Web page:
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According to the mascon entry on wikipedia:

At that time, one of NASA's highest priority "tiger team" projects was to explain why the Lunar Orbiter spacecraft being used to test the accuracy of Project Apollo navigation were experiencing errors in predicted position of ten times the mission specification (2 kilometers instead of 200 meters). This meant that the predicted landing areas were 100 times as large as those being carefully defined for reasons of safety. Lunar orbital effects principally resulting from the strong gravitational perturbations of the MASCONS were ultimately revealed as the cause. William Wollenhaupt and Emil Schiesser of the NASA Manned Spacecraft Center in Houston then worked out the "fix" that was first applied to Apollo 12 and permitted its landing within 163 meters of the target, the previously-landed Surveyor 3 spacecraft.

I've been unable to find any reliable information on the fix mentioned here. What was the fix, exactly? Is there a reliable reference for this information?

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The Tindallgrams have some notes on the matter. See pages 307 to 354 of http://www.collectspace.com/resources/tindallgrams/tindallgrams02.pdf

Briefly, improvements were made in a couple of areas:

  • The model of the moon's gravity field (based on tracking data from earlier manned and unmanned flights)
  • Real-time estimation of the spacecraft's trajectory - a new "Lear Processor" was brought online at Misson Control's Real-Time Computer Complex, which was running a specialized Kalman Filter to provide optimal use of all the tracking information.

It was too late in the design cycle to incorporate any changes to the gravity model into the LM guidance computer program, so instead the RTCC computed offsets to the landing site position based on the latest information during powered descent. This offset was verbally relayed to the astronauts who entered it into the PGNCS, adjusting the target landing site that the autopilot was aiming for so that the actual landing site would be closer to Surveyor.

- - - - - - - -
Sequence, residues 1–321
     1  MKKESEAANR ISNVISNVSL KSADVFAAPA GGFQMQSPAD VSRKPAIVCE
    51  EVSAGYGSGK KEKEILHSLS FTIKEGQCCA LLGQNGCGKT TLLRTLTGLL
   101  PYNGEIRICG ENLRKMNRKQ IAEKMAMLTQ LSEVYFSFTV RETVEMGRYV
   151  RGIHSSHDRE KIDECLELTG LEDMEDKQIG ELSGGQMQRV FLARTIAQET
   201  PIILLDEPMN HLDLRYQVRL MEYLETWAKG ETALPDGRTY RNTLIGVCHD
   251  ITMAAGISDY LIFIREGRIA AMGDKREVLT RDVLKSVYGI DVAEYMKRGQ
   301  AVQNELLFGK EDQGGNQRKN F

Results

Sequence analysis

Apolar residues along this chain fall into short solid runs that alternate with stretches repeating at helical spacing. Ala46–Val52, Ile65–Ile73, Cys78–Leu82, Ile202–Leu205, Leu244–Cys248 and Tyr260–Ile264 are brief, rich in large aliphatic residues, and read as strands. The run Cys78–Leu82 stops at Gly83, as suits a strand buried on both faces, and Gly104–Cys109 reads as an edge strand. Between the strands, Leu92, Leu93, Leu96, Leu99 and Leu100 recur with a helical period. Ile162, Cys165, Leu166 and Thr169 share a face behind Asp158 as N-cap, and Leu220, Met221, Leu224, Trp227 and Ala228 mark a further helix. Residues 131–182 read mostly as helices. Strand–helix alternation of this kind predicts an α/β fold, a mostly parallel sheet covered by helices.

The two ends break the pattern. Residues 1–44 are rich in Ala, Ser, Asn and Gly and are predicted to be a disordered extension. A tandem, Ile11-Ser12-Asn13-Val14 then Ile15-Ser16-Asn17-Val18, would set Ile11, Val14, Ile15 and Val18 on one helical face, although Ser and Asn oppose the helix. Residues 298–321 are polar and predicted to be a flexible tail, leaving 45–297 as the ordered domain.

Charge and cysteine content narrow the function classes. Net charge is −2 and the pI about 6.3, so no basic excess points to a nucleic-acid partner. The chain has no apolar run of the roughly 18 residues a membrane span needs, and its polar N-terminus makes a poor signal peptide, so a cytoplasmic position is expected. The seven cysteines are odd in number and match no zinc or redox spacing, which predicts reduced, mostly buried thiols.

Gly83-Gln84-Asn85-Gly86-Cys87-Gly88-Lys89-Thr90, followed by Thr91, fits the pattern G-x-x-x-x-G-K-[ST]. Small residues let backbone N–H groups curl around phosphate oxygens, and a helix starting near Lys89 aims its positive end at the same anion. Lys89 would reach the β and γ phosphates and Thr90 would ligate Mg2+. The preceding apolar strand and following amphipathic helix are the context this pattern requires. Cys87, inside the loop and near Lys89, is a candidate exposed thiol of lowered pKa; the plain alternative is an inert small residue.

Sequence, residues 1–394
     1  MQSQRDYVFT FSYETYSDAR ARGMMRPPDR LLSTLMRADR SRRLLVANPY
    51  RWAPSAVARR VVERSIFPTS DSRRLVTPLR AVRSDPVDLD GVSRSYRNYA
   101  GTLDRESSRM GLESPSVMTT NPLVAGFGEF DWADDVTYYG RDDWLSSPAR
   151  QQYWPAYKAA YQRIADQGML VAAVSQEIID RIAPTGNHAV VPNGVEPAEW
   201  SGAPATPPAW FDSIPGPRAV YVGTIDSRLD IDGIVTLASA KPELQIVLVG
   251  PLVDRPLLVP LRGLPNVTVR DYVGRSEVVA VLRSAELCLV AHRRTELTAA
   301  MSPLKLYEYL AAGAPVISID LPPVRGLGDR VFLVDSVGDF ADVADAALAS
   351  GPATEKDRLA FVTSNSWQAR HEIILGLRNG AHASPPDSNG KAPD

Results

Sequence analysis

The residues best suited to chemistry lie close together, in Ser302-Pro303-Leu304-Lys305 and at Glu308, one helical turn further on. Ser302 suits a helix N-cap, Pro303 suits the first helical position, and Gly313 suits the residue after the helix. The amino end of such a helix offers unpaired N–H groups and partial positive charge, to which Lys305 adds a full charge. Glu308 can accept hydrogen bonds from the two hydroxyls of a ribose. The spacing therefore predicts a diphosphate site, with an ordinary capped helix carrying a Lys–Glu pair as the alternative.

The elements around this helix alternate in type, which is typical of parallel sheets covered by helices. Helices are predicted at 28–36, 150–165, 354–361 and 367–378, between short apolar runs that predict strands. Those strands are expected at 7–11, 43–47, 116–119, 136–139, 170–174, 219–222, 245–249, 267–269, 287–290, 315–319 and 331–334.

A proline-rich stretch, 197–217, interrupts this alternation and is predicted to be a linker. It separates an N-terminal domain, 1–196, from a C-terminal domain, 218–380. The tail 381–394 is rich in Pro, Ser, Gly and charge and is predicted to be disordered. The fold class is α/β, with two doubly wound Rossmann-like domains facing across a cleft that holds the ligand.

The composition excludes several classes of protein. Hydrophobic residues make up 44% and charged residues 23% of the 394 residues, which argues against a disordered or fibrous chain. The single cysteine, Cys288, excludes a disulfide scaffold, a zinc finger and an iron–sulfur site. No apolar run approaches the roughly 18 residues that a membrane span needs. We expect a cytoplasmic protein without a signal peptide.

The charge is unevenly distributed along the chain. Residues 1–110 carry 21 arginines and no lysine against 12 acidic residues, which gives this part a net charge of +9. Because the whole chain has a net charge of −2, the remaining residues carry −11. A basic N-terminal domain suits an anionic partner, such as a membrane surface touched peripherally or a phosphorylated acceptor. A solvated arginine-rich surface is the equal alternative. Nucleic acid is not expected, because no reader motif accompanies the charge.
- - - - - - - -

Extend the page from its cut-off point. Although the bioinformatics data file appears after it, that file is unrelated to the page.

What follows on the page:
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  • $\begingroup$ Yup, there was something like that about the offsets in the book written by the LM's program manager at Grumman (I don't have it on me now). $\endgroup$ – Deer Hunter Jun 7 '14 at 8:20
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If you are still interested in EXACTLY what Emil devised for us, I have a write up he did for me on this specific matter.

email removed for privacy

H. David Reed

FLIGHT DYNAMICS OFFICER Apollo11, Apollo 12, A-13, A-14.

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    $\begingroup$ I'm sure many people here would be very interested in that write-up, preferably posted here as an answer. Alternately, could you post a summary here and link to a complete version hosted somewhere else? $\endgroup$ – Makyen Nov 29 '18 at 2:24
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    $\begingroup$ Unfortunately, as this answer currently is, it's not really an answer to the question. The format Stack Exchange uses is that answers should contain an actual answer to the question, not just something that says you're willing to supply the answer, if asked. Please don't take that negatively. It just means that yes we'd really like to see the write-up you have, preferably posted here, if possible. So, please consider it as we've definitely asked to see it. Posting it here would make for a great answer. Thanks. $\endgroup$ – Makyen Nov 29 '18 at 2:24
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    $\begingroup$ Stack Exchange is wide open to the internet, putting anyone's personal e-mail address here in a post opens them up to potential problems. I would not recommend it. It is more common to put it in a profile, without the (at) sign at least. If it is possible to add some highlights or a summary of what is in the write-up, that would make this a more appropriate Stack Exchange answer post. In any event, welcome to Space! $\endgroup$ – uhoh Nov 29 '18 at 3:33

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